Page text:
Trask, Catherine
    et al.
    University of Gävle, Faculty of Health and Occupational Studies, Department of Occupational and Public Health Sciences, Occupational health science. University of Gävle, Centre for Musculoskeletal Research. Centre for Health and Safety in Agriculture, College of Medicine, University of Saskatchewan, Saskatoon, Saskatchewan, Canada.
    Mathiassen, Svend Erik
    University of Gävle, Faculty of Health and Occupational Studies, Department of Occupational and Public Health Sciences, Occupational health science. University of Gävle, Centre for Musculoskeletal Research.
    Rostami, Mehdi
    Collaborative Biostatistics Program, School of Public Health, University of Saskatchewan, Saskatoon, Saskatchewan, Canada.
    Heiden, Marina
    University of Gävle, Faculty of Health and Occupational Studies, Department of Occupational and Public Health Sciences, Occupational health science. University of Gävle, Centre for Musculoskeletal Research.
    Observer variability in posture assessment from video recordings: the effect of partly visible periods2017In: Applied Ergonomics, ISSN 0003-6870, E-ISSN 1872-9126, Vol. 60, p. 275-281Article in journal (Refereed)
    Abstract [en]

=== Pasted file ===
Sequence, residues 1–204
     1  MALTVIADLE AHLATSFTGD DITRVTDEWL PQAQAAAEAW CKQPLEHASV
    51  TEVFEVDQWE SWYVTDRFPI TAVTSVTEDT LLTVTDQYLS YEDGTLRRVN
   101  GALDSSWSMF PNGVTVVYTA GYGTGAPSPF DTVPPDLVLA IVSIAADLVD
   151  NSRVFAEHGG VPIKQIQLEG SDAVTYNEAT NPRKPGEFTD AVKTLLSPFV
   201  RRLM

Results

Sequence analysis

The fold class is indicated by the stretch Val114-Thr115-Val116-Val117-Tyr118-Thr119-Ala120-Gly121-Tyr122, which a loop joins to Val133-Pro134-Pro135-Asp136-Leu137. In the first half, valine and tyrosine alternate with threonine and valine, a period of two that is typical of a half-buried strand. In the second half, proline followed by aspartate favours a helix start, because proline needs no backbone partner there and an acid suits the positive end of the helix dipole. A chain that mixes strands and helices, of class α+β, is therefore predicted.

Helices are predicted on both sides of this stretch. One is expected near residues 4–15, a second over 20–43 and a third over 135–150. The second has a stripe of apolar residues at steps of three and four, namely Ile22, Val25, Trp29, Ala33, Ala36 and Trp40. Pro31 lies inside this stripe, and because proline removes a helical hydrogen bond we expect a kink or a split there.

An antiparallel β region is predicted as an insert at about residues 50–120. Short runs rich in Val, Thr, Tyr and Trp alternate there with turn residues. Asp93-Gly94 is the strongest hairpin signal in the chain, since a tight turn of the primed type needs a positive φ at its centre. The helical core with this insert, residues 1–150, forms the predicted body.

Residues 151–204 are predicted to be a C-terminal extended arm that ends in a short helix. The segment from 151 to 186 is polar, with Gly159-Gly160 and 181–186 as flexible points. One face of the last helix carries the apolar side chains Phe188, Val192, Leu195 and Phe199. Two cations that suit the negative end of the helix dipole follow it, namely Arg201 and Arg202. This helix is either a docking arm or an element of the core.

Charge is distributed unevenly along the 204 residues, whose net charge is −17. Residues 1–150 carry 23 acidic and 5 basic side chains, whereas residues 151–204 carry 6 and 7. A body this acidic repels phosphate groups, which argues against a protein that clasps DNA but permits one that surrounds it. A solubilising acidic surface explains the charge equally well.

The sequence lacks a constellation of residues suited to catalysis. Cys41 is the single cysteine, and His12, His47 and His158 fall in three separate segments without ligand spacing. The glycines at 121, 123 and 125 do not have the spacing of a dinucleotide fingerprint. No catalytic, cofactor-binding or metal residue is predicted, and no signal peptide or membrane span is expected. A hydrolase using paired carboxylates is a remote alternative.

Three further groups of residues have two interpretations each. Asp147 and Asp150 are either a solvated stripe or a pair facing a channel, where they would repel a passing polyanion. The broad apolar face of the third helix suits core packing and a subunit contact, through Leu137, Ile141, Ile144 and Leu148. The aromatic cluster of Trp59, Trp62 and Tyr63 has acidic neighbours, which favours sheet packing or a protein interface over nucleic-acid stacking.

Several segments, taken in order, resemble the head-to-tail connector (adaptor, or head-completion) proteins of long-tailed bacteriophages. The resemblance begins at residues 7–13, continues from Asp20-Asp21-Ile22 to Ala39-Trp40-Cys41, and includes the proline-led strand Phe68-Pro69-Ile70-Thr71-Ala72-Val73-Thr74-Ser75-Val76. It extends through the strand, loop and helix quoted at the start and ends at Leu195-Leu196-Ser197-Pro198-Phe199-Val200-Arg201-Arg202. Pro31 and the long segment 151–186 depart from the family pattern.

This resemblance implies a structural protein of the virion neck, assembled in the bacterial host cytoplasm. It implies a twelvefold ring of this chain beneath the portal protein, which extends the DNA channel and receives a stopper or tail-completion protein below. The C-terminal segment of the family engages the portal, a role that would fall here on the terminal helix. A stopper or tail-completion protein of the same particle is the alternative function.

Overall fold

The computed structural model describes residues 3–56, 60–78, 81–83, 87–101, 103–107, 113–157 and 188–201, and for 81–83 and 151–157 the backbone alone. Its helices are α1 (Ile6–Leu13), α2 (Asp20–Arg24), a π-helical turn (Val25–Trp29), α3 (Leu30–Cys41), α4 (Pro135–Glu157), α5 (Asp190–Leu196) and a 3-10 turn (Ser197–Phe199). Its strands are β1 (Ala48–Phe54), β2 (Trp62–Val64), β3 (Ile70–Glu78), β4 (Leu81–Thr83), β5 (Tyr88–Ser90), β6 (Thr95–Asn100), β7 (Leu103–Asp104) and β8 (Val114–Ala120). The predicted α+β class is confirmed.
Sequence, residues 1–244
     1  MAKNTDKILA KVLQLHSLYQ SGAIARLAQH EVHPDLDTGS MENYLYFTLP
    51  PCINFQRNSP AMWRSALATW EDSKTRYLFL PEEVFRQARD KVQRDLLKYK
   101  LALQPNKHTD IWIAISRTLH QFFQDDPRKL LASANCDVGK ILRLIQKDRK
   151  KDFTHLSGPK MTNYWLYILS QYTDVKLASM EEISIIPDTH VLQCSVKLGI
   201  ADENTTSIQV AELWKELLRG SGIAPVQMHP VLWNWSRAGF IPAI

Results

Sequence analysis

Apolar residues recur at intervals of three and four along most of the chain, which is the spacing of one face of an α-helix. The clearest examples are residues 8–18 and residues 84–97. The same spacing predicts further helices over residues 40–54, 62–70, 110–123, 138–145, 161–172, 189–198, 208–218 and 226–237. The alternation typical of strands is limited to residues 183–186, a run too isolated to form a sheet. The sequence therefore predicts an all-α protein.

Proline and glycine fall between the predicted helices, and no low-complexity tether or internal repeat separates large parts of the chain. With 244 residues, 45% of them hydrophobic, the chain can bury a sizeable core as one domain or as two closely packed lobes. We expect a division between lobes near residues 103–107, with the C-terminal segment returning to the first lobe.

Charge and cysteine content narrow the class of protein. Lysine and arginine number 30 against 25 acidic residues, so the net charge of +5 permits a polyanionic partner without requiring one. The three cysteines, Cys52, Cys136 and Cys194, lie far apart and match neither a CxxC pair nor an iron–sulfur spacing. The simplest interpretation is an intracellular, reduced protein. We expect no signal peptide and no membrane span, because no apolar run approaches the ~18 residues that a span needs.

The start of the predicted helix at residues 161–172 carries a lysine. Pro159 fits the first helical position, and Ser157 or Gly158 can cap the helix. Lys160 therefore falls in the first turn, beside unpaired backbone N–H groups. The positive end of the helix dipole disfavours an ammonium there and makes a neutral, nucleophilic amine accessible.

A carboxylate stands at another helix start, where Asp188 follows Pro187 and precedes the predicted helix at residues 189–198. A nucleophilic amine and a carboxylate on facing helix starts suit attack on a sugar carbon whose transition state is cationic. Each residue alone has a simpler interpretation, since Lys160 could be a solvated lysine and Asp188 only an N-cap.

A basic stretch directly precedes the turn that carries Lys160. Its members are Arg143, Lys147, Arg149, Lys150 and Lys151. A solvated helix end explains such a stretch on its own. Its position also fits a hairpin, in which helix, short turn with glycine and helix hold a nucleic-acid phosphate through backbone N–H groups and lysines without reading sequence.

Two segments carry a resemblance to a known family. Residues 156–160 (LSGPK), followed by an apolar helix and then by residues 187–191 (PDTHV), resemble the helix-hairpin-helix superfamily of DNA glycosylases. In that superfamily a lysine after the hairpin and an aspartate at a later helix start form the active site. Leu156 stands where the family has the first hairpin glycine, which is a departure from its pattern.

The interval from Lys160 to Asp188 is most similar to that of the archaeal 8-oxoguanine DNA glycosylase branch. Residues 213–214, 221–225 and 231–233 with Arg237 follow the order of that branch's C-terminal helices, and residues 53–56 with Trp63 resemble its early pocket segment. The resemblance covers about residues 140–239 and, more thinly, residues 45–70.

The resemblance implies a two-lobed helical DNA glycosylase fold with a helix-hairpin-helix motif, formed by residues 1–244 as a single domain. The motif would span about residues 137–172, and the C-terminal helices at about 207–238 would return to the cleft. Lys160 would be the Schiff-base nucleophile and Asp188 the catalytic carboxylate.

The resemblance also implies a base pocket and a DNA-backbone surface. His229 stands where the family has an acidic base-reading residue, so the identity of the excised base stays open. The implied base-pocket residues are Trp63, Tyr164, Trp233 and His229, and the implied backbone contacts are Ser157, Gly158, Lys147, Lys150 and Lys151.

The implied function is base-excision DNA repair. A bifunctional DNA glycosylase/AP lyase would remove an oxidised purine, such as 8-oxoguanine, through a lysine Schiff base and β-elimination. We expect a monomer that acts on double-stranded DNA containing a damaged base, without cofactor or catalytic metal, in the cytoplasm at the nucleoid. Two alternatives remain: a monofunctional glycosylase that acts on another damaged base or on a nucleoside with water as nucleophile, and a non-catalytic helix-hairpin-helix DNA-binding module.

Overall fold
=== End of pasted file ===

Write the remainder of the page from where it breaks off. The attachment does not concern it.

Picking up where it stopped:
Observers rank partly visible postures on video frames differently than fully visible postures, but it’s not clear if this is due to differences in observer perception. This study investigated the effect of posture visibility on between-observer variability in assessments of trunk and arm posture.  Trained observers assessed trunk and arm postures from video recordings of 84 pulp mill shifts using a work sampling approach; postures were also categorized as ‘fully’ or ‘partly’ visible.  Between-worker, between-day, and between-observer variance components and corresponding confidence intervals were calculated. Although no consistent gradient was seen for the right upper arm, trunk posture showed smaller between-observer variance when all observers rated a posture as fully visible. This suggests that, partly- visible data, especially when observers disagree as to the level of visibility, introduces more between-observer variability when compared to fully visible data.  Some previously-identified differences in daily posture summaries may be related to this phenomenon.

  • 6.
    Trask, Catherine
    et al.
    University of Gävle, Faculty of Health and Occupational Studies, Department of Occupational and Public Health Sciences, Occupational health science. University of Gävle, Centre for Musculoskeletal Research.
    Mathiassen, Svend Erik